In this one particular instance, the power hindrance doesn't actually affect the utility of the power itself. It only affects WHEN you can get it (and you are by no means COMPELLED to get it at all). All other things considered equal, it doesn't impact the power's utility once you have it.

It's ... a weird exception, yeah, compared to the others. Wink
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EddieTheThird
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PostPosted: Wed Apr 20, 2011 12:04 am    Post subject: Reply with quote

hmmm... you can use this to cast a touch power at a range of 1/2 smarts with a +1 to the spell casting roll. interesting...
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PostPosted: Wed Apr 20, 2011 1:47 am    Post subject: Reply with quote

I take it that you only get the modified power, you don't also get the unmodified base power?




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PostPosted: Wed Apr 20, 2011 6:48 am    Post subject: Reply with quote

Snate56 wrote:
I take it that you only get the modified power, you don't also get the unmodified base power?


As written, that's how I'd take it. Otherwise, this would represent pure net gain to Arcane Background users, if you get the normal power PLUS some customized bundle of pros-and-cons tailored to your liking. Why take plain old ordinary healing if you can take this new, improved healing that works exactly as the current one, OR you can take a -1 activation penalty to heal someone at range?

If you could SWITCH, that would be yet another advantage, but a modest one. It could add another interesting tactical layer, but it'd also be another layer of complexity. I'm not sure what would be the best way to balance it out. This is another one of those situations where I find myself wishing that, where powers were concerned, there could be "half-Advances."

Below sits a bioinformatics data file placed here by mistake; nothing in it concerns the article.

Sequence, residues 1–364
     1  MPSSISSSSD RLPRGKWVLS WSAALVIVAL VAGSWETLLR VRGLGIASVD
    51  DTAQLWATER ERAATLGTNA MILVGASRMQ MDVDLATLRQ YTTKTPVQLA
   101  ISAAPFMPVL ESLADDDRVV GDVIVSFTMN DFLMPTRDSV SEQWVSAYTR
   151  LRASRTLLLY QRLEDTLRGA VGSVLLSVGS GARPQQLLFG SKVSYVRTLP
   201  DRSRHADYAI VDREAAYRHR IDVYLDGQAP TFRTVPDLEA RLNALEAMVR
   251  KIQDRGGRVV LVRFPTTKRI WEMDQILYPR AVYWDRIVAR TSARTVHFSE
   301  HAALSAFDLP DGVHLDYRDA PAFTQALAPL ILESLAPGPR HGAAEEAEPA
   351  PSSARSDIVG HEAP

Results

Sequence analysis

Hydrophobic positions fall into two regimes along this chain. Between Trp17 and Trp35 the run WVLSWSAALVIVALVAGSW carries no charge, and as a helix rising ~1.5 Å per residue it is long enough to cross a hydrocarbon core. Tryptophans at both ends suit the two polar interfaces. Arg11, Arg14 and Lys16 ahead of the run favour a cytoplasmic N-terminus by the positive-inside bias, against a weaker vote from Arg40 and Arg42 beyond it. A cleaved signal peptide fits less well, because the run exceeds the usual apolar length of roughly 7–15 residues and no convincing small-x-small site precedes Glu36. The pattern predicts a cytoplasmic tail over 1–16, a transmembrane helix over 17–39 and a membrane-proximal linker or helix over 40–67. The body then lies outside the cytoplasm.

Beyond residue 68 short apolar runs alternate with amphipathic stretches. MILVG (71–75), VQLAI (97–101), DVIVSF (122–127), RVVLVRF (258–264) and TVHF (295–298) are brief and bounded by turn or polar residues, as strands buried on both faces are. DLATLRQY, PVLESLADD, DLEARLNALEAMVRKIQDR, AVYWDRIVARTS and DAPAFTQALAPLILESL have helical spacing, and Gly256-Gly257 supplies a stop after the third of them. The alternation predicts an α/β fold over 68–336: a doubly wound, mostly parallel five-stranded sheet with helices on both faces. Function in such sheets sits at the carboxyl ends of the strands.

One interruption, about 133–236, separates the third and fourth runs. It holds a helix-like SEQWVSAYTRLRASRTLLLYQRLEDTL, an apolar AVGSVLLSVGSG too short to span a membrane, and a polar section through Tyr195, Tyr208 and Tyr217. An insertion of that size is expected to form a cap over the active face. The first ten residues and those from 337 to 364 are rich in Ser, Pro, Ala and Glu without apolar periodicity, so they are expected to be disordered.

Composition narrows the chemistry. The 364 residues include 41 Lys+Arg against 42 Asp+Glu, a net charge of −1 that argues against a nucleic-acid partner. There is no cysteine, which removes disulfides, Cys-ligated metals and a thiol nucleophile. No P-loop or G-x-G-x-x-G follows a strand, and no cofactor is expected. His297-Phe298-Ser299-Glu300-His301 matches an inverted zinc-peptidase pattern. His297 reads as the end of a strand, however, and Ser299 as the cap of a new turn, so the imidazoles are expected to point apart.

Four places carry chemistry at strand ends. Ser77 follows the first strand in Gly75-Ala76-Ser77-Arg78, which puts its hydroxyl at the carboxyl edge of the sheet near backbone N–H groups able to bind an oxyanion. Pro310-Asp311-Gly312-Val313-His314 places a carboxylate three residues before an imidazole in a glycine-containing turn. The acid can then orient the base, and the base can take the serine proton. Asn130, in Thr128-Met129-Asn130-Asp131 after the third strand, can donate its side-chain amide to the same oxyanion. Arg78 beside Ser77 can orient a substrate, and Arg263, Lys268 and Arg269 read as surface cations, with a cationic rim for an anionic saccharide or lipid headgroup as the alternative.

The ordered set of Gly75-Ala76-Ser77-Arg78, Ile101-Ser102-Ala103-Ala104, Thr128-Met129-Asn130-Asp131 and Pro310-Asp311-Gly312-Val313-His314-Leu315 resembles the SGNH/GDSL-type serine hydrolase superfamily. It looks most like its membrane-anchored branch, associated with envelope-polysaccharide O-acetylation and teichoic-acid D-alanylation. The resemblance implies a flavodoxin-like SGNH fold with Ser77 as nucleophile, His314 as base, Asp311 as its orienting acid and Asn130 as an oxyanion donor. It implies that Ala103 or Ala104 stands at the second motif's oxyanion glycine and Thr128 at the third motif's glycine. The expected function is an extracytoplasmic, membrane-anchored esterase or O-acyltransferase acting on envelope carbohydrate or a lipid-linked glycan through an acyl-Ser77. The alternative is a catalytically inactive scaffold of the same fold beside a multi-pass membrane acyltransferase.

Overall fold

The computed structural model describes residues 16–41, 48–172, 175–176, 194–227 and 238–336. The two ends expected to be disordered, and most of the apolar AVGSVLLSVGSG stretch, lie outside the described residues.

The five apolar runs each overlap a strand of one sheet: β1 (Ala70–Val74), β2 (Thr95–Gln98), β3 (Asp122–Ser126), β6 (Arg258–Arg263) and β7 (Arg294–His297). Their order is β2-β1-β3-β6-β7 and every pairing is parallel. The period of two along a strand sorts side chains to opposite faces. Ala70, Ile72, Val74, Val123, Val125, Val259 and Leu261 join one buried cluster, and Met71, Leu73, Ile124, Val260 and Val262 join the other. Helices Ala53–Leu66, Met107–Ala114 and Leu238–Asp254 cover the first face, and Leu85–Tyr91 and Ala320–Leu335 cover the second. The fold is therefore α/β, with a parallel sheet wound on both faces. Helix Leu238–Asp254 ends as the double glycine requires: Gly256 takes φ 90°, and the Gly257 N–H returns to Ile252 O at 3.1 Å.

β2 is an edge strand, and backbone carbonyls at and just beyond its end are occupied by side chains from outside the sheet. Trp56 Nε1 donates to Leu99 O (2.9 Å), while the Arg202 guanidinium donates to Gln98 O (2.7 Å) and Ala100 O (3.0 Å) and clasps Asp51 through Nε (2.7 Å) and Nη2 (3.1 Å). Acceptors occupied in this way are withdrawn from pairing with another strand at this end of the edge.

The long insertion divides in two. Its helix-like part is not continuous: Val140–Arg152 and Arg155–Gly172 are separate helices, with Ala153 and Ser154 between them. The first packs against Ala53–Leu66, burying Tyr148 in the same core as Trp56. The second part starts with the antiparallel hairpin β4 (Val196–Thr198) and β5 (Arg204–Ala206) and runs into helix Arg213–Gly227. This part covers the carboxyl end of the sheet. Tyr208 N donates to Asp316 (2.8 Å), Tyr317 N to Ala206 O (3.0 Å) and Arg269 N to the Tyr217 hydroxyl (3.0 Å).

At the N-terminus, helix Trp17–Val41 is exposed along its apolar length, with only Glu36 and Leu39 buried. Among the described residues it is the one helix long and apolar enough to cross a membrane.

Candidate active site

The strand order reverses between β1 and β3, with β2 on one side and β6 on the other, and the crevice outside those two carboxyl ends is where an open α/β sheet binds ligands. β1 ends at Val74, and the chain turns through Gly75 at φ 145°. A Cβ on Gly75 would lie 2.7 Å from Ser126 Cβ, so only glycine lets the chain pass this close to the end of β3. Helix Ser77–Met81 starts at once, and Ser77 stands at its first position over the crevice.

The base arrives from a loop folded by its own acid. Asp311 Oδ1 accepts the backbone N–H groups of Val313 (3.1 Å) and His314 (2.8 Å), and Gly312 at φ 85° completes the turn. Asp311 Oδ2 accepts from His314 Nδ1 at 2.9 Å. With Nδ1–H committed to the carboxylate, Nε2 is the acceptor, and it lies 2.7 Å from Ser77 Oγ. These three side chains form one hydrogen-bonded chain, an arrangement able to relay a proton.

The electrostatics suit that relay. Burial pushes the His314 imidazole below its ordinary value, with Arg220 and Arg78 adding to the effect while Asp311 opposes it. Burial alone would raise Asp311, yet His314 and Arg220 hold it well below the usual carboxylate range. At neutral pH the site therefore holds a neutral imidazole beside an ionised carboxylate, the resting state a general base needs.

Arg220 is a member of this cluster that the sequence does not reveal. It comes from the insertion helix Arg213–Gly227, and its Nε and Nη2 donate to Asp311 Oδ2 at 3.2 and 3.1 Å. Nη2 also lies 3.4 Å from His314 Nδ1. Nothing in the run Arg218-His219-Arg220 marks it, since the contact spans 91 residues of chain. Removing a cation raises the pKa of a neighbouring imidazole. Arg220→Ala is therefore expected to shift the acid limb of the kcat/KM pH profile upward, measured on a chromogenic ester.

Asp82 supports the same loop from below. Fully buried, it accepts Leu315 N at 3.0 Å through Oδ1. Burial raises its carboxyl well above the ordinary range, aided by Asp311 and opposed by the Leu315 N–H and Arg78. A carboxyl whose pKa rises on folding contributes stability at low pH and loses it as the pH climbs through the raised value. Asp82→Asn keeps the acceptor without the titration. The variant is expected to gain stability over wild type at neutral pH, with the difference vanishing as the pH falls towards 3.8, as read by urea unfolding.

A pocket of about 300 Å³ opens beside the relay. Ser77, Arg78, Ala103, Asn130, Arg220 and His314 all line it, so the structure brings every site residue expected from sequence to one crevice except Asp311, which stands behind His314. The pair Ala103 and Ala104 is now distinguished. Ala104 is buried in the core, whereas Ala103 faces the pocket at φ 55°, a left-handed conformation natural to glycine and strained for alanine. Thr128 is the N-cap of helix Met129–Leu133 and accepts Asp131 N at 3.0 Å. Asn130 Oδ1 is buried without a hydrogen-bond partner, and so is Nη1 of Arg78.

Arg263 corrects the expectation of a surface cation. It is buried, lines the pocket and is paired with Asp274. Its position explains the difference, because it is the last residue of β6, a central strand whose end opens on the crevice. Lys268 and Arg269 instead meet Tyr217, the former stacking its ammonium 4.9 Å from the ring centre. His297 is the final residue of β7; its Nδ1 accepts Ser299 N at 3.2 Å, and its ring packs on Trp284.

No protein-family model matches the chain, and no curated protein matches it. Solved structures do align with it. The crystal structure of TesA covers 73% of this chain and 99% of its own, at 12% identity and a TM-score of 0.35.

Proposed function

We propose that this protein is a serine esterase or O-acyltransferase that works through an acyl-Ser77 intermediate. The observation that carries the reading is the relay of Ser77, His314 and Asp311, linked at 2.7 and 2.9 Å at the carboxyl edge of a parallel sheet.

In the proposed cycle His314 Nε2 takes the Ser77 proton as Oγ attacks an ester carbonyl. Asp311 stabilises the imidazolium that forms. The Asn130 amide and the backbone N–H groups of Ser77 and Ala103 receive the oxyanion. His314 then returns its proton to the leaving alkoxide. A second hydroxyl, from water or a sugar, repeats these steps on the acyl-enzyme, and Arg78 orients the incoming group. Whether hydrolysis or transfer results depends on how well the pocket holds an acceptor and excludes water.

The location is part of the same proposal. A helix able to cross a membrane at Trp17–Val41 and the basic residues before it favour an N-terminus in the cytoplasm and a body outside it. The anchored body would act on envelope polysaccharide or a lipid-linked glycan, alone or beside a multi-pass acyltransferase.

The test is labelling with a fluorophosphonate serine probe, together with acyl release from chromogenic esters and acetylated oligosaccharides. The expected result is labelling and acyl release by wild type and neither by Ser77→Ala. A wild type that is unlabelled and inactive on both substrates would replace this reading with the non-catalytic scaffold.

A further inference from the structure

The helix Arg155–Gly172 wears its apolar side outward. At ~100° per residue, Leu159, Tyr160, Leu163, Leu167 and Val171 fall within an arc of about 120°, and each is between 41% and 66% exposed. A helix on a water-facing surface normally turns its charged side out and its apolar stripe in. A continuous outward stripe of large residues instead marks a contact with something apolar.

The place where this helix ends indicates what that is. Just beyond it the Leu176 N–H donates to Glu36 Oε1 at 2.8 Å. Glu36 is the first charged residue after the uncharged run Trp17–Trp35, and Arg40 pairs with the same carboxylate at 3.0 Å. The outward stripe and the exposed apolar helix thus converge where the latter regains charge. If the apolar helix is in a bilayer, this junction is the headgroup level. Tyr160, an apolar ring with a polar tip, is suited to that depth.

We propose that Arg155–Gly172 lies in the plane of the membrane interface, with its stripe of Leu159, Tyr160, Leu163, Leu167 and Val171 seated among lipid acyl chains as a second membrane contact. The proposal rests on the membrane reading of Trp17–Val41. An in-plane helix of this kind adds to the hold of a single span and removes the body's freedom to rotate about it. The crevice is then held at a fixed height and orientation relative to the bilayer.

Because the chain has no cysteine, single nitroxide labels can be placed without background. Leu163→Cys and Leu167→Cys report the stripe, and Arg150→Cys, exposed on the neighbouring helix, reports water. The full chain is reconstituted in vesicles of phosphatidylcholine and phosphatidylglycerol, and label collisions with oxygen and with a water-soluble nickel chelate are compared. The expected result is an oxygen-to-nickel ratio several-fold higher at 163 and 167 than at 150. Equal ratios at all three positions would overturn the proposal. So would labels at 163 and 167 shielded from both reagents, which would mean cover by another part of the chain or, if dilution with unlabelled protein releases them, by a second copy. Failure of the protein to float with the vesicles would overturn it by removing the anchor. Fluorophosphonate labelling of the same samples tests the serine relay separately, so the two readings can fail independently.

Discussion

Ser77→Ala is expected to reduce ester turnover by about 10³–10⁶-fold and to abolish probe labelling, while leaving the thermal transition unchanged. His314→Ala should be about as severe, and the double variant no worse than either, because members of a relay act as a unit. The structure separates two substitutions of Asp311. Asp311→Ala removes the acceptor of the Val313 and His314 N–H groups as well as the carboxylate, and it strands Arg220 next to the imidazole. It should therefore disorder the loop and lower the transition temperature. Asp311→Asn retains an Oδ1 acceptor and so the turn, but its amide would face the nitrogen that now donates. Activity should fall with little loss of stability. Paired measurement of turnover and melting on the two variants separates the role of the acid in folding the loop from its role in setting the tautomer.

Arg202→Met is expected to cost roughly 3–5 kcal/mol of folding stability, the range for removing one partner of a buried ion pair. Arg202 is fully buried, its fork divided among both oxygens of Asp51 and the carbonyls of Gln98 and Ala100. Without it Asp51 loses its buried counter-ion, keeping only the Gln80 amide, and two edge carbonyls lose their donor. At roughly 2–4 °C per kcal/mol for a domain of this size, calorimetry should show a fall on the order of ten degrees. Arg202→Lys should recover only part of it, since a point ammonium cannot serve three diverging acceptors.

(E.g., certain powers just don't seem quite as valuable as others; light is one example where I find it hard to imagine someone spending an entire Advance or power choice to get that one as opposed to bolt or healing, especially in a setting where flashlights are available and batteries abundant.)

Perhaps an Edge could let you add two "variant" powers to your repertoire. Each "variant" power would have to be the same as some power you already possess, but you get to change the trappings (if desired), and/or change the bonus-hindrance combination.

Forcing a character to spend a whole Advance to get New Power just to get essentially the SAME power but with some minor trapping differences seems a bit overly expensive, to my mind. Getting a "2-for-1" deal seems the easiest compromise to my mind (similar to how an Advance can let you increase two skills as long as they're less than their linked Attributes).
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SavageGamerGirl
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PostPosted: Wed Apr 20, 2011 8:31 am    Post subject: Reply with quote

Snate56 wrote:
I take it that you only get the modified power, you don't also get the unmodified base power?


Right. As soon as you add one of the modifiers to a power, it becomes a new power.
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PostPosted: Wed Apr 20, 2011 9:11 am    Post subject: Re: Customizing Powers Reply with quote

SavageGamerGirl wrote:
• Easier Activation (+1): The Spellcasting roll to activate this power has a +1 bonus. This Advantage may be taken only twice per power.


I would take this for every single power I had. There will be some -2 modifier worth a +2 bonus to the Trait roll. That's an automatic success barring a critical failure and almost doubles the chance of a raise on a d8 Spellcasting.

If kept, I'd suggest upping it to a +2 per +1.
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SavageGamerGirl
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PostPosted: Wed Apr 20, 2011 9:51 am    Post subject: Reply with quote

Definitely good advice. Thanks!

I guess I still have the idea of a +1 or even a +2 being not so impressive as a holdover from d20 games. I need to untrain myself of that. Laughing
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PostPosted: Wed Apr 20, 2011 11:47 am    Post subject: Reply with quote

Jordan Peacock wrote:
Perhaps an Edge could let you add two "variant" powers to your repertoire. Each "variant" power would have to be the same as some power you already possess, but you get to change the trappings (if desired), and/or change the bonus-hindrance combination.